Table 2 shows the lifestyle risk factors, neurological disabilities, and medical comorbidities identified at initial assessments or diagnosed by the clinicians. There was a high prevalence of neurological dysfunction (epilepsy, spasticity, and behavioural disturbance) but low prevalence of chronic disease or illness.
Table 3 summarises the types of interventions that occurred as a result of the subjects being seen in the clinic. For twenty people (12%), the initial assessment and provision of advice to GPs was the only involvement of the Clinic practitioners. For the rest, there was a period of episodic management and followup by the relevant medical specialists, consultant nurses, or allied health professionals.
4.3.1. Lifestyle Factors
In terms of lifestyle behaviours the group had very low levels of smoking, and no cases of illicit drug use or unsafe sex practices. Thirty per cent of the group were overweight or obese, and 77% were categorized as “inactive” after questions were asked about their levels of daily activity. This level of inactivity dropped to 60% when those with movement disorders were excluded.
4.3.2. Challenging Behaviour
Eighty people had challenging behaviour, specifically for which they had been referred to the Clinic. Fifty-six people (35%) were described as having some form of impulsive aggressive behaviour or compulsive self-injurious behavior. Twenty-two (13%) had demonstrated fluctuating or deteriorating behaviours in the previous 12 months. Fifteen per cent of the study group were referred, following case conference, for continuing review by the Clinic psychiatrists and/or the local Behaviour Intervention Team psychologists for special plans to assist care workers.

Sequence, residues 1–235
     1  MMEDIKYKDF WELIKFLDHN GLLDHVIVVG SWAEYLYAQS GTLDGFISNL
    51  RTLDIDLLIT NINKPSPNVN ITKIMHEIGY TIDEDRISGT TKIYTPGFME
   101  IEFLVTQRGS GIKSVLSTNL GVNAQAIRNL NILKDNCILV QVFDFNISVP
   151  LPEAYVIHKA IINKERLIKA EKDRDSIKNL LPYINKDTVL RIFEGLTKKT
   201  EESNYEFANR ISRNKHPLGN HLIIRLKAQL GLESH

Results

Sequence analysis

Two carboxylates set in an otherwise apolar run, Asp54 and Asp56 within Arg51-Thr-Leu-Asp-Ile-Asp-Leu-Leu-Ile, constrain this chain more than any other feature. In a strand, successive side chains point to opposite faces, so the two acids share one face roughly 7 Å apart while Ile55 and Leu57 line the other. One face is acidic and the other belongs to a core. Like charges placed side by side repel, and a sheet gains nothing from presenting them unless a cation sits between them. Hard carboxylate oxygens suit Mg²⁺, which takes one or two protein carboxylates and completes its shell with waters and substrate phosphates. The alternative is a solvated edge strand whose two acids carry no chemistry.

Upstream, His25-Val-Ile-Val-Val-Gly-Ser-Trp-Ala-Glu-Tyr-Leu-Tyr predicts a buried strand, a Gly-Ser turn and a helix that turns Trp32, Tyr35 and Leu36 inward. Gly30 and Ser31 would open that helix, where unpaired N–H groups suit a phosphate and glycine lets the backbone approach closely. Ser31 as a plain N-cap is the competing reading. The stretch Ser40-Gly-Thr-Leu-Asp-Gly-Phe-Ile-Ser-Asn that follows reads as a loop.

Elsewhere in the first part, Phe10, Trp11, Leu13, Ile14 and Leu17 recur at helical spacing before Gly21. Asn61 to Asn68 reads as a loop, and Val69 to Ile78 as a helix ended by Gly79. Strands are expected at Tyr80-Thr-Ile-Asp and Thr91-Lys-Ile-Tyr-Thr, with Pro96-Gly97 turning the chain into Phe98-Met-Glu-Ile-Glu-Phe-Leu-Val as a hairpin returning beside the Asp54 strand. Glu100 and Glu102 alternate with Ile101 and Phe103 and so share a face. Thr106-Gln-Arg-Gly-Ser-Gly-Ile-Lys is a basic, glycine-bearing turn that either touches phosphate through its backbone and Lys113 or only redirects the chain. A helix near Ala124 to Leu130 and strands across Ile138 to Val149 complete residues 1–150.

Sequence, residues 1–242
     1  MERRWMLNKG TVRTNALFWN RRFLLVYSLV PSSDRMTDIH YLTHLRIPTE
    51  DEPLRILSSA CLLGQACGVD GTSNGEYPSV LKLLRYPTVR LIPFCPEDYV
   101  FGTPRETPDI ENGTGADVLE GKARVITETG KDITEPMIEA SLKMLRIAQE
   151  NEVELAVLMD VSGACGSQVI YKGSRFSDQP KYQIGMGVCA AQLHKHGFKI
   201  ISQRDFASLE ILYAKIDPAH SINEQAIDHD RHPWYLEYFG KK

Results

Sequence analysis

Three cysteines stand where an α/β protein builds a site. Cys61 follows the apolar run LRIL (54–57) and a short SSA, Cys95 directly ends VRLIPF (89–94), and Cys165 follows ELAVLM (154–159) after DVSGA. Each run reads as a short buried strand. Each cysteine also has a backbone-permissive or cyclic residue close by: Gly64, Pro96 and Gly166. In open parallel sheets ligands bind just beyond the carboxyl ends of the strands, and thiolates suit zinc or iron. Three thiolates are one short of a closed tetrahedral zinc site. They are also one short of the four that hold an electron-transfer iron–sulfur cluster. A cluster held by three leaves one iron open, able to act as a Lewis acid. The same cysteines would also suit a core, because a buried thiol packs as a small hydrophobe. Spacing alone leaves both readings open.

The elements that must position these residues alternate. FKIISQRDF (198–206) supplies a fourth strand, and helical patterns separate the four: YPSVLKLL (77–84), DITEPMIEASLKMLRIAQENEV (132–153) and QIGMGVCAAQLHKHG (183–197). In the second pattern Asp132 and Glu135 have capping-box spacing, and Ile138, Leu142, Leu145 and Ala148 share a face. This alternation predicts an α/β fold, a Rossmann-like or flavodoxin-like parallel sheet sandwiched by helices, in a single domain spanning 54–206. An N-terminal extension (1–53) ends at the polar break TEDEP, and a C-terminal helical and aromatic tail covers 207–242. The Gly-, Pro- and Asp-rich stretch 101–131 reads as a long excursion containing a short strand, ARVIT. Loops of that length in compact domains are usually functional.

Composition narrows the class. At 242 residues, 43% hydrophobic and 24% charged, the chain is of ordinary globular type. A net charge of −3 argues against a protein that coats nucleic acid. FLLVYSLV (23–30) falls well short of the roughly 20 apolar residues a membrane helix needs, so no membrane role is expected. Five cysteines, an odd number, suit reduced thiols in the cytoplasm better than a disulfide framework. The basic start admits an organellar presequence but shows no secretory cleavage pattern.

The were 22 people described as having “changing” behaviour (i.e., fluctuating or declining over the previous 12 months). Current criteria for the descriptor of “dementia” do not easily incorporate people with Intellectual Disability, and so decisions about dementia were based on the history of cognitive changes with behavioural manifestations. The Adaptive Behaviour in Dementia Questionnaire  was used in interviewing carers about the changes in identified behaviours over the previous 12 months. “Possible” dementia was diagnosed by the Case Conference Team in 4 people and “probable” dementia in 7. Of those 11, two people had Down Syndrome and one had Fragile X; all had onset of their dementia before the age of 60 years.
Carers of people with changing behaviour were offered assistance and advice in dealing with behavioural changes, and documentation was provided for five people who needed justification for more care hours in their existing accommodation environment or a shift to one in which more care could be provided.